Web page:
If you are reading my blog, please give me some input. Let me know what you want to read about more or less, or if there is anything I should change. Any suggestion would be awesome, if there are actually people reading my blog.

So Busy

I have to somehow get back to the steady rhythm of blogging again. I am finding it tough to keep on schedule. Blogging is good for me. This helps me remember all the things I have experienced and learned and also forces me learning news things on schedule.

Here are what is new for the next two weeks:
1. No DAI this month. Tis the season of Dine Out Vancouver. Bunch of friends and I are going to try out 3 or 4 restaurants and I promise I will blog about all of them. Peter is organizing, so there will be plenty of yummy pictures.
2. That damn chocolate course. I got assignment due tomorrow! Life is so tough eh?
3. Weekend Herb Blogging for the month of May
4. Chef it Yourself competition: tofu, lemon grass, seafood
5. Daring Chef Challenge with the monster recipe for Mexican food.
6. Once Dine Out Vancouver is over, I am challenging myself to a week of dine in only. I will blog about that too.

I gotta get on track and finish blogging at least a dozen wines before my wine class starts again in the end of May.

P.S. I started a foodie-friendly diet plan with copious amount of exercise and yoga. I lost 8 pounds in 6 weeks! Another 16 pounds to go for my wedding next year.

Tuesday, April 27, 2010

German Wine: Part 1

Jean loves German wine. I mean, who doesn't? Lovely, elegant, and high quality wines that are cheaper than those made by their neighbour, France.

The Germans have been making wine since the 1st century and the oldest city was located right in the middle of Mosel, the most famous and best quality wine region in the country. Due to the northernly location of German vineyards, German wine makers focuses predominately in white wine, specifically riesling grapes. With thousands of years of winemaking experience and the ideal temperature, German has the world's finest Rieslings.

Then why isn't German wine as popular as French wine?

Before then 1980s, the world was in love with German Riesling, eagerly buying anything and everything the winemakers can produce. Historically, German produces mostly dry white wine which are still consume domestically today. Internationally, they were renowned for their semi-sweet to sweet wines which are very popular even in Taiwan. So what happened?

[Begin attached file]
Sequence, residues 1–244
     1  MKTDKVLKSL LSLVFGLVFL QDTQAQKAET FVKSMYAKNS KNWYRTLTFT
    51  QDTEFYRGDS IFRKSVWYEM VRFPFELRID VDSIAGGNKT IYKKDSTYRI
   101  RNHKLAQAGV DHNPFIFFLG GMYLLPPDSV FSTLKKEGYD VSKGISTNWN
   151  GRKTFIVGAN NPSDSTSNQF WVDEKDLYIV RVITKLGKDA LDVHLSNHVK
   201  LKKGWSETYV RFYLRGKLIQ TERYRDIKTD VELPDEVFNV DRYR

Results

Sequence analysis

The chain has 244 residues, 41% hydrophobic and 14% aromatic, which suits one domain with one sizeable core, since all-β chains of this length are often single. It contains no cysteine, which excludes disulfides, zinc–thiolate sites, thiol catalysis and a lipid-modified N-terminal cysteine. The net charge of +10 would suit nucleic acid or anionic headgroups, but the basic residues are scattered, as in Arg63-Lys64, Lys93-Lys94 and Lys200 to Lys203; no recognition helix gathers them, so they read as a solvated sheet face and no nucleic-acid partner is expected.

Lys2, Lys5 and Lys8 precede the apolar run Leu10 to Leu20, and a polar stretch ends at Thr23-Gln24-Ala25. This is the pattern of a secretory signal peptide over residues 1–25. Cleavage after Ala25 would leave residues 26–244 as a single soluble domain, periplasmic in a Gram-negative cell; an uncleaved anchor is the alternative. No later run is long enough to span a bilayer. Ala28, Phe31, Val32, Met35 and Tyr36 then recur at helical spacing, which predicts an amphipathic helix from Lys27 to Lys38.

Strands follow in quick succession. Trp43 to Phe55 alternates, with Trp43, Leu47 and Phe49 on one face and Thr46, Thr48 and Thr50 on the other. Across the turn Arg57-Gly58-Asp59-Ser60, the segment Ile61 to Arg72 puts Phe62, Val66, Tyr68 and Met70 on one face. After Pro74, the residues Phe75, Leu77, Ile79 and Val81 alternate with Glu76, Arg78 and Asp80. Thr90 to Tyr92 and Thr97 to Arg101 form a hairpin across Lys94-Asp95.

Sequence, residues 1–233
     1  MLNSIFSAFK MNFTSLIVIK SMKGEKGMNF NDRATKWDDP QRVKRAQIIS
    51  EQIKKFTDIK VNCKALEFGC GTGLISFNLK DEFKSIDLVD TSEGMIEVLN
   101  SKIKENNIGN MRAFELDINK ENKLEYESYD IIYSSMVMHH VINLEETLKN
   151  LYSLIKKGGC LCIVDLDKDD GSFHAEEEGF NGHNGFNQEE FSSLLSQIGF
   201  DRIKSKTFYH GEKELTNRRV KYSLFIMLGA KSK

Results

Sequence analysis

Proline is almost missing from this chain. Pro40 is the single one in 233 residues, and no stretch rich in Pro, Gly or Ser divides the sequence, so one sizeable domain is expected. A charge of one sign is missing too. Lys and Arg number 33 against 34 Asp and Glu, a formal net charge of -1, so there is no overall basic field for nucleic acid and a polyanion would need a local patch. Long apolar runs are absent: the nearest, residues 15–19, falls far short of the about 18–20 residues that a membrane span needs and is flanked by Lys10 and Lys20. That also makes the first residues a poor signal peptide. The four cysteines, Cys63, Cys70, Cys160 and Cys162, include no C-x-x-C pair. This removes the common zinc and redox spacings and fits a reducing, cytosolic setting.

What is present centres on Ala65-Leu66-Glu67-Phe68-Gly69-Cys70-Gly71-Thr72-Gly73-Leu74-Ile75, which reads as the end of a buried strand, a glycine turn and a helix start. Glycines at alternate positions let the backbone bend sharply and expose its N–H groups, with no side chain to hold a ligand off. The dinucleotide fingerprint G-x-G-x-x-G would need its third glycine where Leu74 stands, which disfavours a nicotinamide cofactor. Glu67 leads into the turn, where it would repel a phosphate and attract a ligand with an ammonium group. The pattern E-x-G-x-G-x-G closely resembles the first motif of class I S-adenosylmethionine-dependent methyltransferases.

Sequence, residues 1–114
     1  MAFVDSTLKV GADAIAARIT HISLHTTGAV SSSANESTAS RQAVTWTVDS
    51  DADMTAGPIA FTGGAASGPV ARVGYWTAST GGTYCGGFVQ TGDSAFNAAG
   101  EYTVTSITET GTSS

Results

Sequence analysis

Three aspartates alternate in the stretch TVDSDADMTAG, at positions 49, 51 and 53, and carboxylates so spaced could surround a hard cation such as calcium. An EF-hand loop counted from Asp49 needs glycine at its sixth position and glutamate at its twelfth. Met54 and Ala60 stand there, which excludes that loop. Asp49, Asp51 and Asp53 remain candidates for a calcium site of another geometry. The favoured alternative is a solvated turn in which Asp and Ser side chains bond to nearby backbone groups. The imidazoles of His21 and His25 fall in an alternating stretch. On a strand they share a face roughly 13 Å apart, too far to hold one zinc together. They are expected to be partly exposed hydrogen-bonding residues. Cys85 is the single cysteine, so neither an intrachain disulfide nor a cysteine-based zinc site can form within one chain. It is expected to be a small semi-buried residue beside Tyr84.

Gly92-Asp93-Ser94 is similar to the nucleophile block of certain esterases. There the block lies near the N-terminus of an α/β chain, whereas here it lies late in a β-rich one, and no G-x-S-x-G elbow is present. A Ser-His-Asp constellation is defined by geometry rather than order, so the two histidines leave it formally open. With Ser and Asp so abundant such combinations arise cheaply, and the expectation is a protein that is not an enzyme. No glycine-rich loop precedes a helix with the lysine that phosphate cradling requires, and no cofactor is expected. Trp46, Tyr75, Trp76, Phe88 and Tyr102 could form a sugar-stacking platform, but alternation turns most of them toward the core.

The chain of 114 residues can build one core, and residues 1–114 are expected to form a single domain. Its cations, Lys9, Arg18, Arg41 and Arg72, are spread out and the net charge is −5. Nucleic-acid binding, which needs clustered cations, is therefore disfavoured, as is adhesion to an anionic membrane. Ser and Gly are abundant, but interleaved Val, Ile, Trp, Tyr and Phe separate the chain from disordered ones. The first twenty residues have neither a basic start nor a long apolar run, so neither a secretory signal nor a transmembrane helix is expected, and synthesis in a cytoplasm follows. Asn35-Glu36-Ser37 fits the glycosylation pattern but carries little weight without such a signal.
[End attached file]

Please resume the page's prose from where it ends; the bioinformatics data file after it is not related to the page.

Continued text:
A serious lack of foresight.

1. Liebfraumilch: Despite their high quality wines, German are still better known for abroad for their cheap, mass produced white wine called Liebraumilch. It literally translated to "Beloved Lady's Milk". The labels would usually fashion a painting of a religious woman with a baby. Not only is the breast milk association unappetizing, this stuff is just plain nasty. Would you ever order a $100 bottle of white wine at an expensive restaurant to share with your date if the wine is made in China?

Confused? It's really expensive. Would you buy it?

2. Marketing (or the lack there of): They should have known that they are in trouble when consumer associate German wine with cheap liquor. Traditional German wine labels often have a profusion of information (all in German). It will take me probably three long winded posts to explain all those things on the labels. These labels are confusing and further discourages consumers who only know Liebfraumilch.
3. Austria's 1985 Anti Freeze Wine Scandal: Before this incident, demand for German wines greatly outstrips supply, so a few Austrian wineries got this great idea to put anti-freeze into wine to make it seem sweeter, fuller bodied, and thus more expensive. These wines are then shipped to Germany to be bottled and illegally blended with German wines, so they can be sold as German wines. Needless to say, they got caught and went to jail. Austrian's wine industry completely collapsed, and German's reputation for fine wine were very tarnished.

Anyway here are the basic information for buying and consuming German wine:

German produces mostly white wines, predominantly the Riesling varietal, and a few Pinot Noirs. Like most of the European countries, they have strict laws and regulation in place to govern the quality and labeling of their wines. Only wines from the designated quality regions can be labelled QbA (Qualitätswein bestimmter Anbugebiete). There are only 13 Quality Regions of which the most important for premium quality Riesling wines are Mosel, Rheingau, and Pfalz.

Within the 13 QbA, the highest premium wines is labeled QmP (Qualitätswein mit Prädikat). QmP is strictly regulated EU Quality Category and no artificial sugar is allowed. (Most wine out there, regardless of quality, usually add cane sugar into their wine).

Within QmP, there is a hierarchy of designation that reflect the natural sugar content of the grapes that are used to make the wine. Government officials would visit vineyard right before harvest to determine the sugar level of the grapes and issue the appropriate category to the winemaker. In the order of increasing ripeness and also price:

Kabinett: Wine from this category are usually harvest the earliest. They are the lightest body, high acidity, with green fruit notes (apple, grape). They usually have medium sweetness and light alcohol. Recently, I have found ones that are dry with medium alcohol.
Spätlese: This is hate harvest wine with more body than kabinett and has more exotic fruit note (lemon, pineapple).